My Modulus Quantum 6 only sustains for like, 3 days.

    Sadowsky and Lakland use carbon fiber (graphite) reinforcement. I think they might know a little more about it than Schwaa does.
  8. TBalls


    Mar 18, 2005
    Really? Last time I checked carbon was one of the basic building blocks of all living creatures. Maybe you're thinking of carbon fiber, which involes using hardening resins? To the best of my knowledge, most reinforcement rods are made from graphite, which is pure carbon.

    I guess you could argue as to whether it's soulless, but it's definitely not one of "those nasty......products that's made up of a bunch of chemical crap..."

  9. mikezimmerman

    mikezimmerman Supporting Member

    Apr 29, 2001
    Omaha, Nebraska
    No, "graphite rods" are carbon fiber and resin. If reinforcment rods were made of pure graphite, it would be like using a pencil lead...

  10. jim1457


    Mar 29, 2006
    Honolulu Hawaii
    Hmm, this is interesting. I expected a big resounding "yes definitely!", but it looks like- 2 for, 2 against, and 1 why not?
    I didn't count TBalls because he didn't really say anything about instruments, but it sounds like he's probably in the yes column too.

    I'm not so worried about stability since these necks have been waiting for the final cut for about 3 years now. I don't think they're gonna move once they're done, although the carbon fiber would definitely help if the bass went to a place with a different climate.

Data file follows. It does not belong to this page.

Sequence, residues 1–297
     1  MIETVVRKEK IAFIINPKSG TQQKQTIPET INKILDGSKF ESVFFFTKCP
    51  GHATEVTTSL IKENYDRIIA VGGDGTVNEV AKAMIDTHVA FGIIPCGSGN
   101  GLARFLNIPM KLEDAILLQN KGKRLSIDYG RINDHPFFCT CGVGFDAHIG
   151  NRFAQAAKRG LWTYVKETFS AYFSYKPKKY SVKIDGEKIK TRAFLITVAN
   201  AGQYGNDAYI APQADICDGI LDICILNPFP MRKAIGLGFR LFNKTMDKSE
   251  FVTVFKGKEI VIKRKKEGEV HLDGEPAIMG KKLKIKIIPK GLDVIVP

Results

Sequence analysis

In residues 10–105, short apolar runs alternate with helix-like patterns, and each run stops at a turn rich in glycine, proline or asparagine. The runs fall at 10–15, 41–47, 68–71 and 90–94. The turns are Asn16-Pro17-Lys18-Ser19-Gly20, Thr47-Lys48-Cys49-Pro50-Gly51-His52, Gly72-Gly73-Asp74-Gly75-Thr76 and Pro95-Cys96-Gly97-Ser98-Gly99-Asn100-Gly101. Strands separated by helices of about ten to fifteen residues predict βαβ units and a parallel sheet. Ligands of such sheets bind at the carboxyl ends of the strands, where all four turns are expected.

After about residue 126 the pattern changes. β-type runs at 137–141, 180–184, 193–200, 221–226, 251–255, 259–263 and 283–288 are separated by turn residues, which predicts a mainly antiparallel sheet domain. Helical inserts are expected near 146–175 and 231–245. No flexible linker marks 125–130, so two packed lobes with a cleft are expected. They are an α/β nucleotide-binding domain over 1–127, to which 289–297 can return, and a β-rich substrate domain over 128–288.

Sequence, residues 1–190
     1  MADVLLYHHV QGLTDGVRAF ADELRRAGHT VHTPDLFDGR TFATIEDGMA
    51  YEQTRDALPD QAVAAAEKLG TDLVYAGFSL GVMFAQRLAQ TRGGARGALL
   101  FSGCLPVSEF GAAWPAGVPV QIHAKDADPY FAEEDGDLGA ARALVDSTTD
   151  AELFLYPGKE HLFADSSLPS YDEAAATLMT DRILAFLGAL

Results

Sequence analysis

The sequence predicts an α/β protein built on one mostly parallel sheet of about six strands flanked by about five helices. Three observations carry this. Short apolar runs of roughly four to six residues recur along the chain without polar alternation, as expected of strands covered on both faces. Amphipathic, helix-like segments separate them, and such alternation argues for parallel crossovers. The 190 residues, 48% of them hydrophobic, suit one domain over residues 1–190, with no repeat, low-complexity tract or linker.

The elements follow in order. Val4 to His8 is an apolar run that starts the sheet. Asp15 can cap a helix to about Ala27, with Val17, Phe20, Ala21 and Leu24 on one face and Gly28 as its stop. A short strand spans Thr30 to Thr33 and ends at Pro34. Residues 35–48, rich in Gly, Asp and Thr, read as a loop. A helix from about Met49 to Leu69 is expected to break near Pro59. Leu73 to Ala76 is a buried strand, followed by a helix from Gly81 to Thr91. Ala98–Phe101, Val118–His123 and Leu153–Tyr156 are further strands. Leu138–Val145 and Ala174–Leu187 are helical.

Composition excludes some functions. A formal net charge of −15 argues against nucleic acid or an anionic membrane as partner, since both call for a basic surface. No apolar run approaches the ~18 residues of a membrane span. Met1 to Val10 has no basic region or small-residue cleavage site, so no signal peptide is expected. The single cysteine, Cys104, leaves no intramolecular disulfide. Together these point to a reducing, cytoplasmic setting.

I've heard that the carbon fiber will increase sustain and make the bass sound brighter, but I don't want to lose any of that sweet low end. I've never had a chance to compare for myself, that's why I'm asking for opinions.

    Thanks to everyone for posting. Especially you Mike, that's exactly what I was looking for.

  11. Arthur U. Poon

    Arthur U. Poon

    Jan 30, 2004
    SLC, Utah -USA-
    Endorsing Artist: Mike Lull Custom Basses
    have you thought about putting one neck together with carbon reinforcement rods, and putting the other one together without?

  12. phxlbrmpf


    Dec 27, 2002
    My Status Energy has a wood neck with graphite reinforcement rods and its neck still moved when the weather suddenly got quite a bit warmer a few weeks ago, which I found a bit underwhelming. :(
  13. I like the sense of security that graphite reinforcement rods give me... do they work well? I suppose... but I do not think my Sterling has'em and the neck hardly budges. It took two whole years before it needed an adjustment to the relief. On the other hand, my Carvin, a bass with graphite in the neck, needed neck adjustments practically every few months.

    It's a toss up, really... I'd say, "Yeah, go for it! No harm to be done," but then again, there may not be a benefit.
  14. jim1457


    Mar 29, 2006
    Honolulu Hawaii
    Thanks again guys,

    Art, I am considering doing that test myself. The thing is, one is gonna be a 4 string and the other will be a 5. It sure would be an accurate test though, especially since the all wood came from the same three sticks. At this point I'm leaning toward only using the carbon fiber on the 5er.